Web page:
The UK has international markets and no capital controls. Currencies shift in relative value all the time. If the savers in gilt think that PQE will be inflationary, as many did Qe, then they can profit from it by by shorting sterling or buying assets that are expected to rise owing to inflation, like gold.

They should remember though how well that worked in the case QE. They might ask Bill Gross about that — and the bond vigilantes will they are at it.

Unknown said...

Matt-

Of course if its specifically imported concrete that is driving the fx\inflation changes and you dont want to increase any taxes you could always go the Chinese route and just subsidize the domestic concrete supply side to keep imports\prices in check. There's a reason why concrete prices only went up about 13% between 2011 and 2014 even though China alone used more concrete during that same period than the USA used in the entire 20th century.

http://www.washingtonpost.com/news/wonkblog/wp/2015/03/24/how-china-used-more-cement-in-3-years-than-the-u-s-did-in-the-entire-20th-century/

http://data.bls.gov/timeseries/WPU132?data_tool=XGtable

So if your the CHinese government and you know you're going to be using X gigatons of concrete in your 10 year building plans, you dont want prices to go up too much, and you dont trust leaving it to Mr. Market, you simply cause to come into existence a 350% increase on the production side over that time period. IOW you set the price and let the production quantity float to meet that price, just like any other buffer stock.

https://carboncounter.files.wordpress.com/2014/02/globalcement.jpeg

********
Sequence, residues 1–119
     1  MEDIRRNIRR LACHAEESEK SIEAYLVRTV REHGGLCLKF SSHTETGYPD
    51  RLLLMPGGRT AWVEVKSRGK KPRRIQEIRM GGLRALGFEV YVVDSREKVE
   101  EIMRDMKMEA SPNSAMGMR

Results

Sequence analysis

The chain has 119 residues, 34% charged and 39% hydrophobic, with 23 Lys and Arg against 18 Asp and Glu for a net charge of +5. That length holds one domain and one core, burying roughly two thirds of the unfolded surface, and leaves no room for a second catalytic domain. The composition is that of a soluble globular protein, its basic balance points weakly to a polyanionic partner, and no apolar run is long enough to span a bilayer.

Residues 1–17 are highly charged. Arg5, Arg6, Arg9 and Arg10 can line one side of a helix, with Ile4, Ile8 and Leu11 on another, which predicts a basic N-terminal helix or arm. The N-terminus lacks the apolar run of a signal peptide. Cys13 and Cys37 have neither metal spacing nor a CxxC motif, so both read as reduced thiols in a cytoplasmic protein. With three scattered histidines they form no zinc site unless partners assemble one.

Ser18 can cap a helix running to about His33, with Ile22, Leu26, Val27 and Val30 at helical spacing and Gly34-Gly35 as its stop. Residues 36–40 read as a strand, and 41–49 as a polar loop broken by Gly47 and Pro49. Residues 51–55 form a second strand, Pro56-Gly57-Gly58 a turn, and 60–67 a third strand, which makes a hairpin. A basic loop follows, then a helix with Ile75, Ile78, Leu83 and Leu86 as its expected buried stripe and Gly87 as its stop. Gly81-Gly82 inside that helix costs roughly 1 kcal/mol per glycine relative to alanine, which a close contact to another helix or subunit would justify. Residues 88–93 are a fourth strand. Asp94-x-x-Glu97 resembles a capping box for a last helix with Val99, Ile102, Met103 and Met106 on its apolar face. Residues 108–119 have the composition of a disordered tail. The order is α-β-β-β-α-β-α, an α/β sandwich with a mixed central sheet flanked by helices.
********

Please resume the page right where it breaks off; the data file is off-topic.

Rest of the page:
Ryan Harris said...
This comment has been removed by the author.
Schofield said...

For the record. This is Richard Murphy's August 19th Twitter comment on Bill Mitchell's article:-

"PQE is sound economics but is not in the QE family - http://bilbo.economicoutlook.net/blog/?p=31626 Easily the best comment on PQE yet"

Schofield said...

"At any rate it is just one government hand putting liquidity into the other and then pushing that liquidity out into the non-government sector."

Beautifully put given that money is simply at the end of the day the abstract representation of "human effort" to move natural and human resources about an economy and between economies to create the goods and services collectively desired.

Ignacio said...

Tom the quote from Bill post... I read that and initially I thought it was like that, but there in a specific proposal on how it's going to be done? The devil is in the details, and we won't know for certain it's a fiscal operation until the wording and proposal is clear.